The art of negotiating

It would be easy (maybe even tempting) to define negotiation as a process of ‘getting what you want’. In fact, google for quotations about negotiation and you’ll find soundbites from business heads and politicians talking about winners and losers. But that’s a very limiting definition and not one that will help your business long-term.

In business negotiations, you may be seeking a deal favourable to yourself (of course) but the trample-your-opponent approach – while it might give you a momentary negotiation action hero ego-buzz – carries two major practical drawbacks:

  1. The person you just trampled is unlikely to want to work with you again (and presumably they have something you want otherwise you wouldn’t be negotiating in the first place);
  2. Your growing reputation as a trampler acts as a warning sign to people and businesses you want to work with in future.

So, if you work in negotiations with clients, suppliers, investors, etc. a broader, more faceted view of the subject is necessary.

Negotiation is…

…a bargaining process;

…knowing exactly what you want from the situation;

…understanding what the other person also wants;

…an agreement (though not necessarily a completely even, 50:50 deal).

Negotiation is also a multi-stage process, comprising preparation, exchange of information, bargaining, commitment/agreement, and then subsequent action. You can find models with more or less stages (for example, preparation could be sub-divided into several distinct steps) but they all fit this basic overall process.

Negotiating styles

Regardless of the exact process, negotiators tend to adopt one of five distinct negotiating styles, or attitudes, based on research into approaches to conflict conducted by Thomas and Kilmann in the 70s. These styles are defined according to the importance you attach to a) your own wants and needs, and b) the wants and needs of the other person; as follows:

  • Competing – putting your wants and needs first.
  • Accommodating – putting the other person’s wants and needs first.
  • Avoiding – not interested in any needs, yours or theirs.
  • Collaborating – seeking to meet both sets of needs.
  • Compromising – accepting that some needs will be met, some won’t; for both sides.

Competing can be a very results-oriented approach in the short-term. However, unsurprisingly, the most effective negotiations (which also take into account future relationships and reputation) are conducted in either Collaborating or Compromising mode.

Key negotiation skills

As to what skills are essential to successful negotiation, the Chartered Institute of Procurement and Supply (CIPS), International Association for Contract & Commercial Management (IACCM) and Institute for Supply Management (ISM) all have relevant guiding competences and standards that are worth checking out. For a ‘starter list’ of core skills, the following is a good foundation:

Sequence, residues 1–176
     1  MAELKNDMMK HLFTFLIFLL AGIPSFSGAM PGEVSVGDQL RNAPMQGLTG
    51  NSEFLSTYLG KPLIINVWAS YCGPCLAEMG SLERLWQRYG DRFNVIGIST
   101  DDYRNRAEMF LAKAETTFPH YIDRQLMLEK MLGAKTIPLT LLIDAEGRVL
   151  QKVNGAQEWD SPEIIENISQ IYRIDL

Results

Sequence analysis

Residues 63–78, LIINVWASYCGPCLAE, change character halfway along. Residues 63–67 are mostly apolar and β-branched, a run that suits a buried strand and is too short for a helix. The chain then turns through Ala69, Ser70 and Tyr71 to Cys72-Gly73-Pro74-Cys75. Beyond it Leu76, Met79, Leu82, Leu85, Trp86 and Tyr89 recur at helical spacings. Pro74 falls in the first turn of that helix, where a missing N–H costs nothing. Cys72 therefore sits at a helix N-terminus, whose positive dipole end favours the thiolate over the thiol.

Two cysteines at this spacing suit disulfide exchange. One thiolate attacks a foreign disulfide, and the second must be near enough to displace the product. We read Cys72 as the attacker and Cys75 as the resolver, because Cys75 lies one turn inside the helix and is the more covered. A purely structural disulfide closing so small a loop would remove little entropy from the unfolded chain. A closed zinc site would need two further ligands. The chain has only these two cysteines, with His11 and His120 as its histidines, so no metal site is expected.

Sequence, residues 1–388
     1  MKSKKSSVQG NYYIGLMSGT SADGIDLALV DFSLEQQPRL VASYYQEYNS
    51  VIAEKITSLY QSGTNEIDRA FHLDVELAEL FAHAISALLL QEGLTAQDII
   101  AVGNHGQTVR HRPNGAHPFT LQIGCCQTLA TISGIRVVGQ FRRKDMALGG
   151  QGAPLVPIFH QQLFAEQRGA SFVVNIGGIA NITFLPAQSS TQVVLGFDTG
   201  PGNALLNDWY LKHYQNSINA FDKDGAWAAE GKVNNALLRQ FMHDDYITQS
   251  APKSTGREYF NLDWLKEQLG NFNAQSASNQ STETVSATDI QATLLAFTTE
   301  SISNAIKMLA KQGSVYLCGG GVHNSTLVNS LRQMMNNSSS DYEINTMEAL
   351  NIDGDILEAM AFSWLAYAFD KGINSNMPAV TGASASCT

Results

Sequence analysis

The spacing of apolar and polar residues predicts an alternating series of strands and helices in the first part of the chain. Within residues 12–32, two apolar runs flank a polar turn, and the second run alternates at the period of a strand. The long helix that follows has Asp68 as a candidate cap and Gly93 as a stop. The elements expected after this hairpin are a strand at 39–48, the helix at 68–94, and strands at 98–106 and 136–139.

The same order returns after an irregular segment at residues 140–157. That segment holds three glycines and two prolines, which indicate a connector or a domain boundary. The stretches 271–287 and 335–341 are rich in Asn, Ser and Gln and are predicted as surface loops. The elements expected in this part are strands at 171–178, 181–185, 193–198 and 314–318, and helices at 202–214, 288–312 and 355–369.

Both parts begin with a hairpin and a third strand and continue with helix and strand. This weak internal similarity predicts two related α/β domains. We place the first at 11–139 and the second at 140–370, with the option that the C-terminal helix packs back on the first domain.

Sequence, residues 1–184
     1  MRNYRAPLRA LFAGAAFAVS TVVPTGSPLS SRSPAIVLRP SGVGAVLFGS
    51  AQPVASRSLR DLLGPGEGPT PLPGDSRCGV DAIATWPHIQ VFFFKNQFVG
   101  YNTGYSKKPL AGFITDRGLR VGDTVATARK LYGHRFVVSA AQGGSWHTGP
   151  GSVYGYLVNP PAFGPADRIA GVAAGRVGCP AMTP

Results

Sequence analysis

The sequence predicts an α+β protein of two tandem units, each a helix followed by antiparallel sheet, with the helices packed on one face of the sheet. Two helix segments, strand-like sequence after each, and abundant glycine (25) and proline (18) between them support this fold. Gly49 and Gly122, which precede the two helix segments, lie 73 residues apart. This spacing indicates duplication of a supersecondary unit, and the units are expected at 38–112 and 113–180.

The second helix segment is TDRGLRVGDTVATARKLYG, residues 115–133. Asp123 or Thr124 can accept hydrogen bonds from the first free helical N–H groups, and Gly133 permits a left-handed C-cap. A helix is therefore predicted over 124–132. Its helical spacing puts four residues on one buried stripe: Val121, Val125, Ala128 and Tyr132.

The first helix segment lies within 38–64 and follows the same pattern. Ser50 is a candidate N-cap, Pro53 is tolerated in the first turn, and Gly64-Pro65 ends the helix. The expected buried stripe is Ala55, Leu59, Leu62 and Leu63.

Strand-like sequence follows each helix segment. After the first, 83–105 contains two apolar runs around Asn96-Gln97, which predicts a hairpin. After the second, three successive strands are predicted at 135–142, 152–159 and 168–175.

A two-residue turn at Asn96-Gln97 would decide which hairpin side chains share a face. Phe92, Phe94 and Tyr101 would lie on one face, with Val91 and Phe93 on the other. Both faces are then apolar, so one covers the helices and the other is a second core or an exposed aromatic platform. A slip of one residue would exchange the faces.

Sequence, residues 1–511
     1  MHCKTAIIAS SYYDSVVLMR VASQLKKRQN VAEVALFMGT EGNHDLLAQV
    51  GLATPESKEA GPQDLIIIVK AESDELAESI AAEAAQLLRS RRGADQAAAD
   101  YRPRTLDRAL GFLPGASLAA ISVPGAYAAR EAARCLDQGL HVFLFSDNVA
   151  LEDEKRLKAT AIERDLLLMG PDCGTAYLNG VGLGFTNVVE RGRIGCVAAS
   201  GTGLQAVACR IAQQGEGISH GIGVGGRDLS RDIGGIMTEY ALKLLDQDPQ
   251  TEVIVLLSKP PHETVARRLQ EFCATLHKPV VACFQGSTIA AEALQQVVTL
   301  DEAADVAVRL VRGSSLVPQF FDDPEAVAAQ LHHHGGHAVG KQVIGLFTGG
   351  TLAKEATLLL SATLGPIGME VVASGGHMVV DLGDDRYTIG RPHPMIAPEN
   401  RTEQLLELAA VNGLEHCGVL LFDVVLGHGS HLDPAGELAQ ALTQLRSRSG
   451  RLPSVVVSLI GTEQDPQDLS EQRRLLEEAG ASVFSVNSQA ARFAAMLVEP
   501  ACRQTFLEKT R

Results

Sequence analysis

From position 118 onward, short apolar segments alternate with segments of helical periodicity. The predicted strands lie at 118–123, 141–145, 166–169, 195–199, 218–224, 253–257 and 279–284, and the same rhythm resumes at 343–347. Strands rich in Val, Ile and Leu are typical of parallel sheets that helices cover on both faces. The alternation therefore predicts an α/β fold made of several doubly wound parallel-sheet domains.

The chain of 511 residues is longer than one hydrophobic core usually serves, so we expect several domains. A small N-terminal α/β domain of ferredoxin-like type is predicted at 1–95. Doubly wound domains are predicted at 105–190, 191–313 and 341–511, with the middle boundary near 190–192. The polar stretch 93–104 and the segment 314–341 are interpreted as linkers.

• Analysis – to explore and understand the varying and/or conflicting interests of the parties involved.
  • Rapport – to find common ground and build on it.
  • Active listening – to correctly interpret what the other person is saying during the negotiation and how that affects their position and yours.
  • Problem-solving – to clearly identify the sticking points and be able to propose and objectively discuss solutions.

Another area of competence that can greatly enhance any negotiation is emotional intelligence. The nature of a conflict situation (your needs are at least partly different to the other person’s, if not, you’d have nothing to negotiate about) often means frustration or worse; and the ability to control your emotional responses (and understand the other’s) can be critical.

Negotiation is often at the heart of business success. Whether it’s stakeholders, customers or suppliers, your needs and theirs will never be completely aligned because you have differing interests in a mutual situation. Yet, to move forward, you often need to find a mutually-acceptable (and agreed) middle ground. Sometimes you can find a balanced compromise, others it’s a genuinely win-win outcome. Either way, it’s negotiation that gets you there.

Naturally, this post can do no more than dip a toe in the water but if you’d like to explore the topic in greater detail, including how you can up your own negotiating game, check out our website for details or give us a call on 01582 714287, we’re here to help.

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